Screw Trivia

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Model T Ford Forum: Forum 2015: Screw Trivia
Top of pagePrevious messageNext messageBottom of page Link to this message  By Nicholas Lingg - Tarboro, NC on Thursday, January 08, 2015 - 06:15 pm:

In 1908, P. L. Robertson began to manufacture a square recess impression in the head of a screw in Milton, Ontario, Canada. At that time, it was a revolutionary change in the fastener industry. The first patent was issued in 1909 and the last patent expired 55 years later in 1964. For his invention, P.L. Robertson screws and screwdrivers carry his name to this day.
Another source says that 700 of these screws were used in the manufacturing of the Model T.
Were???


Top of pagePrevious messageNext messageBottom of page Link to this message  By Allan Bennett - Australia on Thursday, January 08, 2015 - 06:38 pm:

The Robertson screws are common on the bodywork of Canadian produced cars, Robertson being Canadian.
Today you can still buy Robertson type screws. The main advantage is the positive location of the driver, no slot to sip out of. The idea is much better than Phillips drive because it is more positive and less prone to stripping out.

Allan from down under.


Top of pagePrevious messageNext messageBottom of page Link to this message  By charley shaver- liberal,mo. on Thursday, January 08, 2015 - 07:00 pm:

i have some Canadian body panels with those screws in them,but 700 per car! i don't think so. lol. charley


Top of pagePrevious messageNext messageBottom of page Link to this message  By Steve Tomaso - Milton,WA on Thursday, January 08, 2015 - 07:08 pm:

One of my son-in-laws is an electrician here in the States and that's what they use in certain applications.


Top of pagePrevious messageNext messageBottom of page Link to this message  By Ken Kopsky, Lytle TX on Thursday, January 08, 2015 - 07:20 pm:

They're hard to find in the US. Now, that's all I buy for building and woodwork. Deck-screws and pan-head are still about all you can find at home centers. The local hardware store doesn't carry any.


Top of pagePrevious messageNext messageBottom of page Link to this message  By Ken Kopsky, Lytle TX on Thursday, January 08, 2015 - 07:27 pm:

Excuse me while I wash the egg off my face. I just pulled an orphan out of my pocket. It's not a Robertson. It's a Torx.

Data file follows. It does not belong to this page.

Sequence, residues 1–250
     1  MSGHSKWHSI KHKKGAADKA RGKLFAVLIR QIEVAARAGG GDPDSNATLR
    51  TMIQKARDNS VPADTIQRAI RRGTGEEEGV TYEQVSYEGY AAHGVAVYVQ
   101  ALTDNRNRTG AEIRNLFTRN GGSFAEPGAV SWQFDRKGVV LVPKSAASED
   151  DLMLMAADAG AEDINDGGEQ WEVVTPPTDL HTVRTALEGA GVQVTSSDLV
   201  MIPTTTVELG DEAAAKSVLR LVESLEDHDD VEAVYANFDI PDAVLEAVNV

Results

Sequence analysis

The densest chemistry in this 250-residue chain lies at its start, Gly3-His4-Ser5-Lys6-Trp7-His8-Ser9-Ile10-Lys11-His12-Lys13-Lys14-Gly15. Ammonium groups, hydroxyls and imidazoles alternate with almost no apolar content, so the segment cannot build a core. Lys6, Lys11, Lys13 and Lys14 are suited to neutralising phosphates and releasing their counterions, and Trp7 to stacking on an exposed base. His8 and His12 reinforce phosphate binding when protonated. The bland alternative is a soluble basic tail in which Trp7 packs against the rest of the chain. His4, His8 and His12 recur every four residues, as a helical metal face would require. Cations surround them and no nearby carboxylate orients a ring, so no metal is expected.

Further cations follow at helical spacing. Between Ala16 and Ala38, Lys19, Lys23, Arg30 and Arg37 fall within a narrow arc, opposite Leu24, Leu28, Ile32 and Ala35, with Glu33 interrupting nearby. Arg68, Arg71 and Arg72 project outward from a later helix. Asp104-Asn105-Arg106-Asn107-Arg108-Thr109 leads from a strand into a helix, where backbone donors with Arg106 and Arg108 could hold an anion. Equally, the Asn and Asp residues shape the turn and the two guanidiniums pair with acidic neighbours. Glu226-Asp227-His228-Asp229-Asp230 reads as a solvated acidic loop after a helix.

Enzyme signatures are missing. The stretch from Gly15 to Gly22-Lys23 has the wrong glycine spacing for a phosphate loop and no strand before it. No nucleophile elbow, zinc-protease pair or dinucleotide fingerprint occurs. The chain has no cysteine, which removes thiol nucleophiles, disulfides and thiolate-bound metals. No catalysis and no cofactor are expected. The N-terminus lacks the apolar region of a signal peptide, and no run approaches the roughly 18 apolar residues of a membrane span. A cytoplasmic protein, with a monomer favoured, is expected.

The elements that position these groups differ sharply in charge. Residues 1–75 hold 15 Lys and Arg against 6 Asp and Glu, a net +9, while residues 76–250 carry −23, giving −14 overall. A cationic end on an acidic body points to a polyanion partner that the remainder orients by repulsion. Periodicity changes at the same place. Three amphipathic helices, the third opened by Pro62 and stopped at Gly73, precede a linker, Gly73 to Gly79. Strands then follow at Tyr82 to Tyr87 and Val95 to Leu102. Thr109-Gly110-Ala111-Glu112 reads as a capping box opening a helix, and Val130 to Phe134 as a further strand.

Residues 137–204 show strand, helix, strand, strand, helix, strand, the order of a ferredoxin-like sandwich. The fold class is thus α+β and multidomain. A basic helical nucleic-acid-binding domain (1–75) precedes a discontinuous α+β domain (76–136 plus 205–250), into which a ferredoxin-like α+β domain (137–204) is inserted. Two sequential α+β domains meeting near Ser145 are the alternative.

Top of pagePrevious messageNext messageBottom of page Link to this message  By Dick Lodge - St Louis MO on Thursday, January 08, 2015 - 07:54 pm:

My apologies, but when I saw the thread title, I assumed that someone had had a very bad experience at a trivia contest and had sworn off ever attending one again.... :-)


Top of pagePrevious messageNext messageBottom of page Link to this message  By Dave Wells on Thursday, January 08, 2015 - 08:16 pm:

Robertson Screw are apparently still operating in their original factory in Milton just a 30 minute drive from me. They supposedly started supplying screws for Canadian Model Ts in 1913. The did try to enter the U.S. market back then. Here is a bit of that history and a pic of Mr. Peter Robertson. 


His third major attempt involved the Ford Motor Company. From early years of the Milton plant Ford Windsor accounted for a substantial part of Robertson’s production. By using
socket head screws Ford made a considerable savings of
$2.60 per car.





















This savings captured the attention of the Detroit bosses and soon after P.L was in Detroit talking about expanding socket head screw production to supply all U.S. made Ford cars. Henry Ford refused to commit to a new product line without having a say in how and where the screws would be made. P.L was not happy with this idea and headed home. This meant P.L was letting go of vast potential in the U.S. market, this also included Ford Windsor which accounted for one third of his output of screws.

 



Robertson Screw are apparently still operating in their original factory in Milton just a 30 minute drive from me. They supposedly started supplying screws for Canadian Model Ts in 1913. The did try to enter the U.S. market back then. Here is a bit of that history and a pic of Mr. Peter Robertson. 




Top of pagePrevious messageNext messageBottom of page Link to this message  By Dave Wells on Thursday, January 08, 2015 - 08:17 pm:

Sorry about the messed up post. Having technical difficulties here.


Top of pagePrevious messageNext messageBottom of page Link to this message  By Mark Gregush Portland Oregon on Thursday, January 08, 2015 - 09:04 pm:

The screws I have for doing pocket wood assembly are Roberson and so are some other deck/sheet rock type screws.


Top of pagePrevious messageNext messageBottom of page Link to this message  By Tony Bowker on Thursday, January 08, 2015 - 09:09 pm: